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The Backlog table (IA_BLGLNS) stores backlog data for the current month. In contrast, the Backlog History table (IA_BLGHIS) stores snapshots of all previous months' historical backlog data. The periods for which the Backlog History table tracks backlog data is defined by the Backlog Period Date. By default, the date is set as the last calendar day of the month; however you may configure this date. You may want to view backlog history at a more detailed level, such as by day or by week, instead of by month. The following example describes how historical backlog data is stored and what the implications are for changing the backlog time period.
Assume you represent a manufacturing company where financial backlog is defined as any item that is ordered, but not invoiced. On February 1, 2001, you received an order (Sales Order #1) for 30 products. 20 were shipped and invoiced and 10 were shipped, but not invoiced. At the end of the day, there is an entry in the Backlog table and in the Backlog History table. The entry in the Backlog History table looks like that shown in Table 45.
On February 2, 5 of the 10 financial backlog items are invoiced and, thus, removed from the backlog. Thus, there is an update to the existing row in the Backlog History table, as shown in Table 46.
No further activity happens until February 28. On February 28, the remaining 5 items on financial backlog are invoiced and removed from financial backlog. In addition, a new sales order (Sales Order #2) comes in for 50 new items. All of the items are put on financial backlog.
Even though all items from Sales Order #1 are cleared from financial backlog, the last backlog row remains in the Backlog History table. The purpose in retaining the last row is to indicate that there was backlog for this particular order. The quantity, in this case 5 items, does not tell you how many items were initially on backlog, which was 10.
For the 50 new financial backlog items, there is a new entry into the Backlog History table. So, as of February 28, 2001, the Backlog History table looks like the Table 47.
On March 1, 30 more items are ordered (Sales Order #3), all of which are on financial backlog. The resulting Backlog History table looks like Table 48.
Because backlog history is maintained at the monthly level, you have a partial history of your backlogs. Based on the latest state of the Backlog History table shown in Table 48, you can see that sales order number 1 and 2 ended up with 5 and 50 financial backlogged items respectively. You do not have visibility into what the initial financial backlogged item quantities were for both of these sales orders; you only have their ending quantities.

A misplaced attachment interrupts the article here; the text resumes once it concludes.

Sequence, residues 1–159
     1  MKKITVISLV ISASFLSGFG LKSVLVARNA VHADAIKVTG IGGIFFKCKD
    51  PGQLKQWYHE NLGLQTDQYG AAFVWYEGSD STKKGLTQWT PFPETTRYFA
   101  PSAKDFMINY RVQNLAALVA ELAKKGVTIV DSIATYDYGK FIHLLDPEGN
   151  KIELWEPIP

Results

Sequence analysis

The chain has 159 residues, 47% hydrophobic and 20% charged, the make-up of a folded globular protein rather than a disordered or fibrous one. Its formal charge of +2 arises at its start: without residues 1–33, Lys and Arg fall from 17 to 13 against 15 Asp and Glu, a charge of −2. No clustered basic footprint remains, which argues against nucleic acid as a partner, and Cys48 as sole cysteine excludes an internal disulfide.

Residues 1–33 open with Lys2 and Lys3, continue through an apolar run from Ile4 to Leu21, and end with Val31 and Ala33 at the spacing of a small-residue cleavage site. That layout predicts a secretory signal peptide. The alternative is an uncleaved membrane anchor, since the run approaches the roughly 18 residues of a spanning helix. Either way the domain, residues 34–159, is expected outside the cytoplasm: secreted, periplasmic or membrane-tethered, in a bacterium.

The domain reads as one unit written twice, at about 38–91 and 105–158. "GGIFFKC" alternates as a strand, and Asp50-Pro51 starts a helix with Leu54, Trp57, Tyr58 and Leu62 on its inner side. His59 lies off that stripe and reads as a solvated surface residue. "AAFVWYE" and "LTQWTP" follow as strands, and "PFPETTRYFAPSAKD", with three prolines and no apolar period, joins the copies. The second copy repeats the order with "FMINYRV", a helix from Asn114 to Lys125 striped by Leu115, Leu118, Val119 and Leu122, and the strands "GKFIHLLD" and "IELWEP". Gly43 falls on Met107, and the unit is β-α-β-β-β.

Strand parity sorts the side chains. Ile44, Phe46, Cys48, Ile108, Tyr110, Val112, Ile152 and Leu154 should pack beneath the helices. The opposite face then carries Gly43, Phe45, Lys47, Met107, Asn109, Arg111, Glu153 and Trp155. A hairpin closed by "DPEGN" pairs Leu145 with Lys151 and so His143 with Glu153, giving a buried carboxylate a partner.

If you decide that you want to track more details on how the items moved out of backlog, then you'll have to maintain the history at a more granular level. For instance, if you want to know the number of items that were on backlog when the it was first opened, you would have to track the backlog history by day, instead of by month.
For example, if you maintained backlog history at the daily level you would be able to capture that sales order 1 had an initial backlog of 10 as of February 1 and the backlog quantity shrank to 5 as of February 2. So, by capturing history at the daily level, you could then compute cycle times on how long it took to move items out of backlog. However, if you decide to capture backlog history at a more detailed level, you may compromise performance because tracking backlog history at the daily level can increase the size of the Backlog History table exponentially.
If you choose to change the time period for which historical backlog data is kept, you must verify that all types of backlog are being stored at the same grain; which requires modification to multiple mappings. Table 49 provides a list of all applicable mappings and their corresponding Expression transformations that you must modify.
You can edit the backlog period date so that you can capture a more detailed backlog history with the following procedure. Possible periods include daily (
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